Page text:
11 Lahouari Addi, "Algeria's Army, Algeria's Agony," Foreign Affairs, July 1998, on-line, Nexis, 13 October 1998. back
12 Ibid. back
13 Ibid. back
14 "Algeria: Civilian Population Caught in a Spiral of Violence," Amnesty International, November, 1997, on-line, http://amnesty.org//ailib/aipub/1997/MDE, 16 October 1998. back
15 Ibid. back
16 Andrew Borowiec, "Algerian troubles worry Mideast; Nation rejected offers to help" The Washington Times, 6 October 6 1998, on-line, Nexis, 6 October 1998. back
17 Ibid. back
18 Ibid. back
19 Ibid. back
20 "Zeroual's call for early election shows who's the boss in Algeria," Mideast Mirror, 14 September 1998, on-line, Nexis, 1 October 1998. back
21 "Departing Algerian leader runs out of room for manoeuvre," Financial Times, 15 September 1998, on-line, Nexis, 17 September 1998. back
22 Andrew Borowiec, "Algerian troubles worry Mideast; Nation rejected offers to help," The Washington Times, 6 October 1998, on-line, Nexis, 6 October 1998. back
23 "Algeria," Economist Intelligence Unit, 1 October 1998, on-line, Nexis, 6 October 1998. back
24 "Algeria: Civilian Population Caught in a Spiral of Violence," Amnesty International, November, 1997, on-line, http://amnesty.org//ailib/aipub/1997/MDE, 16 October 1998. back
25 "Africa-at-Large," Africa News Service, 17 July, 1998, on-line, Nexis, 13 October 1998. back
26 Index on Censorship, available at: http://www.oneworld.org/index_oc/index.html., accessed 5 October 1998. back
27 "Algeria," Committee to Protect Journalists, on-line, available at: http://www.cpj.org/pubs/attacks97/mideast/algeria.html, 5 October 1998. back
28 "Commentary by El Watan Director Omar Belhouchet: 'Freedom of Press is Threatened,'" Algiers El Watan (Internet version), 18 October 1998, on-line, available at http://www.fedworld.gov, accessed 13 November 1998. back
29 "Algeria: Further on Press Protest Suspension," Paris AFP, 20 October 1998, on-line, available at http://www.fedworld.gov, 13 November 1998, accessed 5 November 1998. back
30 "Algerian Journalists Protest Suspension of Three Newspapers," Agence France Presse, 11 November 1998, on-line, Nexis, 13 November 1998. back
31 "Algeria," Committee to Protect Journalists, on-line, available at: http://www.cpj.org/pubs/attacks97/mideast/algeria.html, accessed 17 October 1998. back
32 Nick Ryan, "Truth Under Attack," Manchester Guardian Weekly, 2 August 1998, on-line, Nexis, 13 October 1998. back
33 Ibid. back
34 Ibid. back
35 Ibid. back
36 "Algeria," Committee to Protect Journalists, on-line, available at: http://www.cpj.org/pubs/attacks97/mideast/algeria.html, accessed 17 October 1998. back
37 Ibid. back
38 Coliver, Sandra Ed., The Right to Know: Human Rights and Access to Reproductive Health Information. Philadelphia: University of Pennsylvania Press, 1995, p. 112. back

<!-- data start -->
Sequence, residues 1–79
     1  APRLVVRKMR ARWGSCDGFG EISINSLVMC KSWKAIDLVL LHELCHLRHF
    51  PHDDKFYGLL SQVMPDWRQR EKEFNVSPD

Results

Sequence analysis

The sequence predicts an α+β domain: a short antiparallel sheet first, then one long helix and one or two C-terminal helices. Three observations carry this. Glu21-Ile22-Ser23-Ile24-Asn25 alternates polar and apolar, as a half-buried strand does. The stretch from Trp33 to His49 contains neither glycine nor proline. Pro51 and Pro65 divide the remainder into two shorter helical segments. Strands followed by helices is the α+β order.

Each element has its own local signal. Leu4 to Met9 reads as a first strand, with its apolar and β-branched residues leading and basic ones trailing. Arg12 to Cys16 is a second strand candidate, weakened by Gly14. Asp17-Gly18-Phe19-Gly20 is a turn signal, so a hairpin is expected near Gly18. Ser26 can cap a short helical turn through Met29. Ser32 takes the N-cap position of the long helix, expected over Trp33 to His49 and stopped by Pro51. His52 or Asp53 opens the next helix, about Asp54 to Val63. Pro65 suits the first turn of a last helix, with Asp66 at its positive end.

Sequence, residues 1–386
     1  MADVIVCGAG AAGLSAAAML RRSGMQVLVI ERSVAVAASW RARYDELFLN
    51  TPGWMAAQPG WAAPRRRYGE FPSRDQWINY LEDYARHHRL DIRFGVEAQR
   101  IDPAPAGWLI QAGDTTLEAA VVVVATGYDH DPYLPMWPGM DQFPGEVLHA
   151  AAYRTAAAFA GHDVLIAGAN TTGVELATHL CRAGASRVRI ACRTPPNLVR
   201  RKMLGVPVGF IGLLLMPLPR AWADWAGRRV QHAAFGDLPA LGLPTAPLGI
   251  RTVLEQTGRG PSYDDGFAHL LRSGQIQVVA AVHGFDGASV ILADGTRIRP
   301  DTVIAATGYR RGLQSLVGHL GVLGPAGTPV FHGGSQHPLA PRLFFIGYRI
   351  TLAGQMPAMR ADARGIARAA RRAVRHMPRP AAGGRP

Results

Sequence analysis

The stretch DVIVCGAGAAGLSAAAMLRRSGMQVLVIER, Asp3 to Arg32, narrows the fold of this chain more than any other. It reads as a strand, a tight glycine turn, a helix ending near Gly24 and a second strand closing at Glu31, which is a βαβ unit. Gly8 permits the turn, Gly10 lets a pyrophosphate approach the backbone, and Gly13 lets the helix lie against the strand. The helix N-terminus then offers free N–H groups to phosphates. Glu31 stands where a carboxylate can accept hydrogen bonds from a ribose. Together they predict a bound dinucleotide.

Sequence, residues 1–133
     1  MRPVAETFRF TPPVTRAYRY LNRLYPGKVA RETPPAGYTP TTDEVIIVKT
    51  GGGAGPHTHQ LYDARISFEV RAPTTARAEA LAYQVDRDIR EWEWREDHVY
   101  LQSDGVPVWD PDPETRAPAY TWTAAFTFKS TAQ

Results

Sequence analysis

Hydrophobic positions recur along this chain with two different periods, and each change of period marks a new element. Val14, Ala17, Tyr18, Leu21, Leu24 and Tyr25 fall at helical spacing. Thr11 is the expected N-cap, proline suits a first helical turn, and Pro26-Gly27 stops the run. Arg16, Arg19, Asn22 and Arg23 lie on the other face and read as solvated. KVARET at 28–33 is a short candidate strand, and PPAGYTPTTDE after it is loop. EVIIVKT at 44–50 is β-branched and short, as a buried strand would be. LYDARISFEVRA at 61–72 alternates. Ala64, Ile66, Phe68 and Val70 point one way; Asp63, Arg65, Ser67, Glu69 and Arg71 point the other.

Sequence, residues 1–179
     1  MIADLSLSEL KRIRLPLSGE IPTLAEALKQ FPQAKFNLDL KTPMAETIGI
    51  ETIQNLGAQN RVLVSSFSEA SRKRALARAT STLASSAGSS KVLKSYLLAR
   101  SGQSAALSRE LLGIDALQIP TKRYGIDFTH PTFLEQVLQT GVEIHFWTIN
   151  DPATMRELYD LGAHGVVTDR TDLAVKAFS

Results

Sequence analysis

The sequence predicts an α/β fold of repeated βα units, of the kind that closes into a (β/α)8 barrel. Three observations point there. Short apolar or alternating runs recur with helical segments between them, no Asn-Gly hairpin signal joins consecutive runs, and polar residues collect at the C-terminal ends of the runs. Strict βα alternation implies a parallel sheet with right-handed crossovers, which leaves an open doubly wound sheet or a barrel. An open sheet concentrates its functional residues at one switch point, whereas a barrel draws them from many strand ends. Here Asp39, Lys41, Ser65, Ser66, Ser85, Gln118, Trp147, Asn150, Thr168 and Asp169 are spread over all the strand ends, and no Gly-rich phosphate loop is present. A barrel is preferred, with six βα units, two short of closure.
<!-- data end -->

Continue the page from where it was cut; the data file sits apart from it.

39 Ibid, p. 113. back
40 Ibid. back
41 Ibid. back
42 Ibid. back
43 Ibid. back
44 Index on Censorship, on-line, available at: http://www.oneworld.org/index_oc/index.html. accessed 5 October 1998. back
45 Ibid. back
46 Ibid. back
47 When it became clear that the Family Code would pass, the Women's Collective drafted a petition in September 1981 denouncing "The silence in which it was prepared and the absence of the people's consultation," and vowing that "We cannot and shall not accept that our future be decided without our participation." On 28 October 1981, about 100 women and 5 men demonstrated in front of the People's National Assembly. A second demonstration was held on November 16, led by women war veterans. The group was rebuffed by the People's National Assembly vice presidents, who referred them to the National Union of Algerian Women, who allegedly participated in the drafting. The General Secretary of the NUAW refused to meet with the group publicly. Subsequent rallies and demonstrations took place in 1981-1982. back
48 Lara Marlowe, "Where Girls are Killed for Going to School," Oneworld, available at: www.oneworld.org/news/africa/index/html, accessed 5 August 1998. back
49 Family Code, article 39. back
50 Ibid, article 31. back
51 Ibid, article 39. back
52 Ibid, article 49. back
53 Ibid, article 87. back
54 Ibid, article 53. back
55 Ibid, article 54. back
56 "Algerian Women Demand Equal Rights; President Acknowledges Plight," Associated Press, 08 March 1998, on-line, Nexis, 20 November 1998. back
57 "Women's Rights Activist Nabila Djahnine Assassinated," Human Rights Watch International Freedom of Expression Exchange Clearing House, 20 February 1995, www.ifex.org/alert/00001033.html, accessed 06 September 1998. back
58 Richard Swift, "A Sample of the New Internationalist Interview: Khalida Messaoudi," The New Internationalist, 1995, on-line, http://www.oneworld.org/ni/NIinterview.html, 05 September 1998. back
59 "Thousands of women raped in Algerian conflict: report." Agence France Presse, August 5, 1998, on-line, Nexis, 05 August, 1998. back
60 Ibid. back
61 Youssef Ibrahim, "Algeria to Permit Abortions for Rape Victims," New York Times, 14 April 1998, on-line, Nexis, 20 November 1998. back
62 Laura Marlowe, "Voices for Algerian Democracy Speak Out," Irish Times, 31 March 1998, on-line, Nexis, 13 November 1998. back
63 "Thousands of Women Raped in Algerian Conflict: Report." Agence France Presse, August 5, 1998, on-line, Nexis, 05 August, 1998. back
64 Family Code, Article 7. back
65 "Triangle of Death: a futile attempt to stop Algeria's terror" Newsweek, 23 February 1998, on-line, Infotrac, 15 September 1998. back
66 "Algerian Forces Suspected of Role in Massacres: Rights Group," New York Times, 3 December 1998, on-line, Nexis, 3 December 1998. back